The robot integrates the Microsoft Azure cloud computing platform and the Microsoft Azure IoT Suite, and leverages Windows 10 for the tablet controller. The cloud computing platform enables customers to collect, store and analyze sensor data in environments or for applications where it is not feasible to deploy fixed sensors.

“We recognize that drones and UAVs [unmanned aerial vehicles] are doing an incredible job of collecting useful data about wide-open environments, but we see an opportunity for collecting data in confined or enclosed spaces, or circumstances that require hours, not minutes, of data collection, or where data can only be collected by placing sensors in close proximity to, or in contact with, a surface,” said Ben Wolff, chairman and CEO of Sarcos. “We designed the Guardian S to address these challenges. The Guardian S is the first multi-purpose, man-portable, wirelessly controlled, unmanned ground vehicle, capable of traversing challenging terrain, climbing vertically and even inverted, that acts as a mobile IoT platform to carry multiple sensor payloads.”

Some key capabilities:

  • Ability to carry a 10 lb payload while traversing a horizontal surface.
  • Accessing confined spaces with openings that are 5 inches high or more.
  • IP67 certification makes it waterproof and capable of decontamination after exposure to chemicals or other hazardous elements.
  • 18+ hours of surveillance time and a 4 mile travel range.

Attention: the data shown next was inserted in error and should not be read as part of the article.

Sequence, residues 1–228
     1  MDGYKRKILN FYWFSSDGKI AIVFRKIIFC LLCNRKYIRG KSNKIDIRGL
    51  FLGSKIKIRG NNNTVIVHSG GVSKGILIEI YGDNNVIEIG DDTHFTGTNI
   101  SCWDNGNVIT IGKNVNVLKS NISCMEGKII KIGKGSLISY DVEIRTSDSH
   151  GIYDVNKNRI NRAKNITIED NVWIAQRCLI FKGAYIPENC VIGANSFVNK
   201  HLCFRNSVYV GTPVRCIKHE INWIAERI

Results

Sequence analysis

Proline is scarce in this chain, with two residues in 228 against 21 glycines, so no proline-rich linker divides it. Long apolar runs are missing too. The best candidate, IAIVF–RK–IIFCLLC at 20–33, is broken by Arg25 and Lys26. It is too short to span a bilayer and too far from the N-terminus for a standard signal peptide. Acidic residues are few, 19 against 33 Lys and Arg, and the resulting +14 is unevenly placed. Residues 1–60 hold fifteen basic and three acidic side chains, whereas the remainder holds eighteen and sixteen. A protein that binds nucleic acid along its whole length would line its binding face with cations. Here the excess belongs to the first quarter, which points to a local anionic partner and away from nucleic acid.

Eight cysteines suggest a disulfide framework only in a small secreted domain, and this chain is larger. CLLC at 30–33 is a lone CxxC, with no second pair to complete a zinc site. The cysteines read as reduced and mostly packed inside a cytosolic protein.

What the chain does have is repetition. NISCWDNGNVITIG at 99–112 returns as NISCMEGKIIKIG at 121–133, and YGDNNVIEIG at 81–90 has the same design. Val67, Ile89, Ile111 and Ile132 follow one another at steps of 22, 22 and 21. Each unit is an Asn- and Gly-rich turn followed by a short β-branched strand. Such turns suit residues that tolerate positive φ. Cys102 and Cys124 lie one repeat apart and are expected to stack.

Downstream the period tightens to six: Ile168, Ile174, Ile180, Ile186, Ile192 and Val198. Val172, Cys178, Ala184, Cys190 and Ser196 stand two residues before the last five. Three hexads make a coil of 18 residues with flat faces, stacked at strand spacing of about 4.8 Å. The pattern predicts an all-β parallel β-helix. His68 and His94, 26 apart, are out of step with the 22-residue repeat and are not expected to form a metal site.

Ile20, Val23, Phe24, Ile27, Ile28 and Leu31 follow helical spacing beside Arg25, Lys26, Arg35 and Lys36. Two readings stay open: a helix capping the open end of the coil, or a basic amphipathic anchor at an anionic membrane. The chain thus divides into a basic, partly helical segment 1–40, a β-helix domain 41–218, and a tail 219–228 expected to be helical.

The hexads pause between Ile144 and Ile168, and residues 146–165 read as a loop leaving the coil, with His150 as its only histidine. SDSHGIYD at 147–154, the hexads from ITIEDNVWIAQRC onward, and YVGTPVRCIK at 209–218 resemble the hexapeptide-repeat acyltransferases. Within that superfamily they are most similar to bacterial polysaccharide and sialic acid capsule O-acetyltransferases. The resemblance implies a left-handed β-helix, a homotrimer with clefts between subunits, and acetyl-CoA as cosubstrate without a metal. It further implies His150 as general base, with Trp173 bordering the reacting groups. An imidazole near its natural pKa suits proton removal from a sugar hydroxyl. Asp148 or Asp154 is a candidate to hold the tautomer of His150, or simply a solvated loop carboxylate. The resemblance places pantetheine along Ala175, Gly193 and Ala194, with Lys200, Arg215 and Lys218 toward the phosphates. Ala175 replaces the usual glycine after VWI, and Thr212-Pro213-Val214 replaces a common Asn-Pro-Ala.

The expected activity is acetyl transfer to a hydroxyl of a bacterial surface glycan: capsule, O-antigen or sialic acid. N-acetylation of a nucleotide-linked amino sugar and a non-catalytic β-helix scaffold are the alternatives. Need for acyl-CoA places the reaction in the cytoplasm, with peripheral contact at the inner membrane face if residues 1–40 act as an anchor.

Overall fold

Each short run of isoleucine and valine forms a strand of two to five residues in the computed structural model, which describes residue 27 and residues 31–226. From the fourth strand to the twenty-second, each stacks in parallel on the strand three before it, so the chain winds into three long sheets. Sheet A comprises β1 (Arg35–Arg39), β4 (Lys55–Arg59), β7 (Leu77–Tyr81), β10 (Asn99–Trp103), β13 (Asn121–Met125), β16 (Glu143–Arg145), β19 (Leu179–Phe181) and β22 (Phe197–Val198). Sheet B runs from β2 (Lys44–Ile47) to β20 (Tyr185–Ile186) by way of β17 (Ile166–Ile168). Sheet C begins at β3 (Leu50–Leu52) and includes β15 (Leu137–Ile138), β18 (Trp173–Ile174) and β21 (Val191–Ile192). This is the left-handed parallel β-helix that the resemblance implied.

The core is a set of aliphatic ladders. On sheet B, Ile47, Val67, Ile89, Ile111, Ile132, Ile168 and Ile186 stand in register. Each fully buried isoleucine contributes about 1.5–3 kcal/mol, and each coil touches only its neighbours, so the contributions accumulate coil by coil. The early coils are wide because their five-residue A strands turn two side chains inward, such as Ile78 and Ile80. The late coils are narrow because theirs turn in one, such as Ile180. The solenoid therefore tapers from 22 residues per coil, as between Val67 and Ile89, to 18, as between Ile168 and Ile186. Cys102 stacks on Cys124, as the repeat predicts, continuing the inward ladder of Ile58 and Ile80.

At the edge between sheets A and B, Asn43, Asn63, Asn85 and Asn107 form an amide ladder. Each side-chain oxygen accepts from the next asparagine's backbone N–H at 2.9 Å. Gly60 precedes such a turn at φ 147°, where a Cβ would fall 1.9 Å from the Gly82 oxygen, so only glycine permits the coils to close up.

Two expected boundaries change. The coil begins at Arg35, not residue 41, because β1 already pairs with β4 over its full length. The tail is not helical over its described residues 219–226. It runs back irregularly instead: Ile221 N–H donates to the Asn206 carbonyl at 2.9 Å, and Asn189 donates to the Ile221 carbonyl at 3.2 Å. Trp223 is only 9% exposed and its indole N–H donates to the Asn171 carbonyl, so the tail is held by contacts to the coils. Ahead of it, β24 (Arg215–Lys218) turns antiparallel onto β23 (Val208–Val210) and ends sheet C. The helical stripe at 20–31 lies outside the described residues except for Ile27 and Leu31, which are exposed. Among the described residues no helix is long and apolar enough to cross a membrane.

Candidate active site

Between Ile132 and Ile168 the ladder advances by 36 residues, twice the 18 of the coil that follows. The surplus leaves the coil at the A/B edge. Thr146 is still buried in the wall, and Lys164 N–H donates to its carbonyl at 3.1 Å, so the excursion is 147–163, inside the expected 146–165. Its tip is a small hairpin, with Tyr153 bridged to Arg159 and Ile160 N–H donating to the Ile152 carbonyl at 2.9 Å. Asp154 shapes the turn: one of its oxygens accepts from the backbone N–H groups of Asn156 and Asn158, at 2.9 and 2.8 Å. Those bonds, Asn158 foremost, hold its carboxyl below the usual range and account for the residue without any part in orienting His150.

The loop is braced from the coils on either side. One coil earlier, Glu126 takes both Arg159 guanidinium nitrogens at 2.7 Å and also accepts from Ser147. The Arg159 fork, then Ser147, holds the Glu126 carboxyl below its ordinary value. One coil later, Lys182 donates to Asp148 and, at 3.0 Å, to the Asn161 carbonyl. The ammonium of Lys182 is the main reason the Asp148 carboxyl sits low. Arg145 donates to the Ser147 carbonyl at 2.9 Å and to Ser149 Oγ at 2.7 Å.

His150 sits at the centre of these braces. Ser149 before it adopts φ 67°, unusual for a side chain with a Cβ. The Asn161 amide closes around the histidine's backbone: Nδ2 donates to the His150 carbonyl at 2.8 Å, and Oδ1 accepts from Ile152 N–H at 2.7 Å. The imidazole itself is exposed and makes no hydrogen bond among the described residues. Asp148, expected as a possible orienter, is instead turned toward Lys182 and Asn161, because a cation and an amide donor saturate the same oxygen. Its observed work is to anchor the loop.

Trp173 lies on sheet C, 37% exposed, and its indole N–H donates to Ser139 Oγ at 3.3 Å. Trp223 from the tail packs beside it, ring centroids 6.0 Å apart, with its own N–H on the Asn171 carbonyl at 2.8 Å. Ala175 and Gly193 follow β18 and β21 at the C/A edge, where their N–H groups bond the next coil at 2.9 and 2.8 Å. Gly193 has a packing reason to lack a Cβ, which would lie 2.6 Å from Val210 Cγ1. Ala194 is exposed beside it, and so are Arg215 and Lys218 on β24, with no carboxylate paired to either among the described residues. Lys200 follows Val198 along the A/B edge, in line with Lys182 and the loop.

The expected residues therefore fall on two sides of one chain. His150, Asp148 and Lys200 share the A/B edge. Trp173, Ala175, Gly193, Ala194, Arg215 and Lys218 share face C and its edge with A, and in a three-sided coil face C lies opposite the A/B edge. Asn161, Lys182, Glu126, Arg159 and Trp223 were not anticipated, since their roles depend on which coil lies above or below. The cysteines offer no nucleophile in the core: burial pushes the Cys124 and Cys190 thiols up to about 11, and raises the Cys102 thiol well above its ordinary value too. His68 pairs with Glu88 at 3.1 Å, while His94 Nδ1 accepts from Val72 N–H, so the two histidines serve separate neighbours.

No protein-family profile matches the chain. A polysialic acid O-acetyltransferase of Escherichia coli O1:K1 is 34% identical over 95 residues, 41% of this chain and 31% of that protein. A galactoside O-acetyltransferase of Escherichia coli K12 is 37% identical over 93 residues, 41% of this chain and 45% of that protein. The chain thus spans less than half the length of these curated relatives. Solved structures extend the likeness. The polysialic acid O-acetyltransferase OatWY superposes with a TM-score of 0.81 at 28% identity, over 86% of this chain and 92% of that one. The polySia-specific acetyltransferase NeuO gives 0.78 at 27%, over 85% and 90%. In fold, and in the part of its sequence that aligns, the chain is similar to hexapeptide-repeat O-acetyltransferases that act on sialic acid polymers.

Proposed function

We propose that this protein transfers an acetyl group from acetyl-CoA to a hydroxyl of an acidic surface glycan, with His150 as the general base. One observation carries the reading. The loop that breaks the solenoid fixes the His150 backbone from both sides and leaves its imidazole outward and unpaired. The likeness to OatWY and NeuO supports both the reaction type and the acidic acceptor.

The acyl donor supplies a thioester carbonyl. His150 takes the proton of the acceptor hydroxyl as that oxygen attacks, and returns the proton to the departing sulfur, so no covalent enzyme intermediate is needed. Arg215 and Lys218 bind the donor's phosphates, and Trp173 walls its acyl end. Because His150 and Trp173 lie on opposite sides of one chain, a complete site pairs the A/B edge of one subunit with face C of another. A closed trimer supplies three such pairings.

• Wireless and wired broadband communication options available.
  • Multiple, customizable sensor packages that can be carried or installed, including infrared, biochem, radiation, gas, vibration, GPS, accelerometer, 3D mapping, and 360-degree video with low light capabilities.

Two-way audio allows operators to listen to an environment. Sensors can report things like temperature and humidity, probes can find cracks or weaknesses on a structure’s surface, and sonar can check for soft spots in welds or seams.

The snake can move forward, backward or side-to-side, and can even roll back over if it flips accidentally. It can twist into a variety of configurations, including a Z shape, to increase stability and squeeze through difficult spots.

The cloud connectivity through Microsoft’s platforms, which is optional with the Guardian S, enables secure storage and retrieval of environmental video, audio and sensor data, in addition to information on the health and operation of the robot. The combination of IoT sensors and Azure services has proven valuable for evaluating the performance of, and predicting required maintenance for the various industrial machines in which they are placed. The Guardian S mobile IoT platform also collects and analyzes data about the environment surrounding the robot for enhanced mission awareness and success.

Sarcos is raising the bar for traditional ground robots, according to Caglayan Arkan, general manager of worldwide manufacturing at Microsoft. “Microsoft is thrilled to work with Sarcos—a global leader in the development of dexterous robots for unstructured and unpredictable environments—on the commercialization of the Guardian S,” he said. “They have created robots no one ever thought were possible with the mission of saving lives, preventing injury, and enhancing efficiency. The Guardian S integrates our Microsoft Azure cloud computing platform, Azure IoT Suite and Windows 10 for the controller, making it one of the first truly mobile IoT robotic platforms available today.”

Sarcos continues to study more possible use cases for the Guardian S, which will be commercially available in August.